A=ADV Form. This is a document you should request from the planner. It's what he or she files with the Securities and Exchange Commission to disclose educational and business background, fees, and investment methodology. It will give you a wealth of information about the person. They're not registered? Leave. Get out of the office. Don't do business with them under any circumstances. Along the same lines, ask for a copy of the Central Registration Depository (CRD) record. The CRD will give you a 10-year history of the person, including disciplinary actions, if any.

C=Credentials. Look for the diplomas on the wall and the initials after the name. You want to see something like Certified Financial Planner (CFP); Chartered Financial Consultant (ChFC); or Certified Public Accountant (CPA) with a specialty designation as a Personal Financial Specialist (PFS). These designations don't tell you the person does good work, but they do say the person has extensive training and experience in the field. The sad fact is anyone can call themselves a financial planner in most States. There is no licensing requirement and very little regulation. But the charlatans don't have and can't use these designations, so they become your seal of quality. For more on credentials and what they really mean, check out our recent feature on the topic.

I call myself a Certified Financial Planner (CFP). What does that mean? Well, it means that I had to take extensive courses in six areas of financial planning, sit through 18 hours of examinations, work at least three years in the field, and maintain 15 hours per year of continuing education credits. By doing all that and by adhering to a strictly applied code of ethics, I retain the right to use that designation. It should give you some degree of confidence that I know what I'm doing. But it doesn't in and of itself mean that what I'm doing is best for you. It's just an indicator, nothing more. That said, though, I'll hasten to add if I wasn't doing the "right" things, I would quickly be stripped of that designation anyway.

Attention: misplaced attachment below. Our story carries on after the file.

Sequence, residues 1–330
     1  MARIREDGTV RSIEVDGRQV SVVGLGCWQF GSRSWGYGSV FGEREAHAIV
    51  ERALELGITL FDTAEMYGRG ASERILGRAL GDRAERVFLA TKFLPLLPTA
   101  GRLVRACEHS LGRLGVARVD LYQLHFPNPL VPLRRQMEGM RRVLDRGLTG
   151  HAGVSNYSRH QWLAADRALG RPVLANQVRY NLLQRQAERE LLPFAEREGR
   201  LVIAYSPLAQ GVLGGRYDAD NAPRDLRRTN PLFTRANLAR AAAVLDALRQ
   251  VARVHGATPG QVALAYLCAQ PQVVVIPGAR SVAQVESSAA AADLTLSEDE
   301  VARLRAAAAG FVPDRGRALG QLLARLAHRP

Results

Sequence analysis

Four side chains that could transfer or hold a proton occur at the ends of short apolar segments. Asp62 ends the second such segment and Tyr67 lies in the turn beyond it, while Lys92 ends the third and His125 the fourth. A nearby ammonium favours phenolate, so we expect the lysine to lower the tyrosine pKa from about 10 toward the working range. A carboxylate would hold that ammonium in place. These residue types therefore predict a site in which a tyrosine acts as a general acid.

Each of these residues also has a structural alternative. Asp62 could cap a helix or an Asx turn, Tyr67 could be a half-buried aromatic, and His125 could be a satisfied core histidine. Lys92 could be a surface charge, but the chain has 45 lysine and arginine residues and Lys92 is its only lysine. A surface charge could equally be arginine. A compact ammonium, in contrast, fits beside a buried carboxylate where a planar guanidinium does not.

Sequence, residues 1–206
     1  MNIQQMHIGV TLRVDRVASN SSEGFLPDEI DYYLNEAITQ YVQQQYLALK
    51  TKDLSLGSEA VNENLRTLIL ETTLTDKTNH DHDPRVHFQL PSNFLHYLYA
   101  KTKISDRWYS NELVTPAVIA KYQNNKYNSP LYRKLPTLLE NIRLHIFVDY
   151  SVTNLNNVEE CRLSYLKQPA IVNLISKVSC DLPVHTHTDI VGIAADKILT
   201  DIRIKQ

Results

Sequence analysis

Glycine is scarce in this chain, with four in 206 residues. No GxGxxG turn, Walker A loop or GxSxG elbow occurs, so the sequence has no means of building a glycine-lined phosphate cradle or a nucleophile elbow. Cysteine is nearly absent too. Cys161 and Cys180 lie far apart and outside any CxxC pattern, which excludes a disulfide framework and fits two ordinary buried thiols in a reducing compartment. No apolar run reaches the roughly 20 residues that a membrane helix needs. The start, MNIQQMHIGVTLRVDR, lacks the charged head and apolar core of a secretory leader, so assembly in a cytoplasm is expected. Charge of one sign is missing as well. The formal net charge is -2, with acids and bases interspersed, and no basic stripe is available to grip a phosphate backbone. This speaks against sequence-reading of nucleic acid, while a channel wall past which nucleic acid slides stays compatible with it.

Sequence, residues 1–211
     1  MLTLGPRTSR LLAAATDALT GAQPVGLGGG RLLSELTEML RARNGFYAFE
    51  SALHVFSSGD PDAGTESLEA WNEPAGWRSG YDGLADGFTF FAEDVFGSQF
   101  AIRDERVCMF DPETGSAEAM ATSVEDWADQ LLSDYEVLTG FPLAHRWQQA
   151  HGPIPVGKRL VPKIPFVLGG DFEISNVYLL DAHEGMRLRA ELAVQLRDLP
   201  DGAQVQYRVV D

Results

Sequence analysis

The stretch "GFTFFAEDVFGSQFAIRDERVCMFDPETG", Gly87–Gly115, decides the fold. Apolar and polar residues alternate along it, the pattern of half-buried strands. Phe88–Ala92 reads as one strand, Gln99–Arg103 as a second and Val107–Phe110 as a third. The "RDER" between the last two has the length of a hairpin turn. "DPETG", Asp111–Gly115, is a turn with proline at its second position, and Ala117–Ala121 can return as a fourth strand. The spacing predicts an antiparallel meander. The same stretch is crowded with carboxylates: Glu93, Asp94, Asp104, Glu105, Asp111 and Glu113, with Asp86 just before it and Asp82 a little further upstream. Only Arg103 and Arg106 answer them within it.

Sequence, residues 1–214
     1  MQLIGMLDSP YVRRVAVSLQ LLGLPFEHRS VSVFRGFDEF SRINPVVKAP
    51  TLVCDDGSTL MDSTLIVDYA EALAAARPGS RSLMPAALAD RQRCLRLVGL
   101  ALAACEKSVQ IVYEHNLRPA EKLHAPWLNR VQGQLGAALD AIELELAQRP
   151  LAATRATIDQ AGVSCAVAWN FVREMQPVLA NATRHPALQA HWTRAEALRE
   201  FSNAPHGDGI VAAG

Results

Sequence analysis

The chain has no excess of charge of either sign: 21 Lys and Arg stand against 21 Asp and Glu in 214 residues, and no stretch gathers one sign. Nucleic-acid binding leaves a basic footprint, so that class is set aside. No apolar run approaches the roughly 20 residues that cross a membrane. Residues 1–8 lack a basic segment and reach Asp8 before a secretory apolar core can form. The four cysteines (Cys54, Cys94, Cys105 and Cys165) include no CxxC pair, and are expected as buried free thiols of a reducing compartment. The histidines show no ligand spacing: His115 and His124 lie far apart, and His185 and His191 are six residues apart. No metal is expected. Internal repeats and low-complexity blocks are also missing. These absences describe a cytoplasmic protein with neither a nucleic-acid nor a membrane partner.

E=Experience. How long has the financial planner been doing business in this location/town/area? It almost goes without saying -- the longer the better. I like five years. Why? It tells me they must be doing something right because no one has run them out of town on a rail yet. Have they done similar work in the past? If so, ask for a sample of that work and get the names of three clients you can call for reference purposes. The good ones will comply with that request. Review the sample and call the people. As to the latter, you and I both know the planner is only going to give you the names of folks who think highly of him/her. Call anyway and ask one question: What don't you like about the services you receive(d)? People are basically honest, and they'll tell you. If what they say turns you off towards that planner, keep on looking.

So those are Pixy's Points on Finding Financial Planners. Use them as guidelines and I believe you'll eventually come up with the person you need and with whom you are comfortable. It may take a while, but so what? When you need expert advice, you want to be certain you have found a person competent to give it, and one who will be acting in your best interests rather than their own. These tips will help you do that.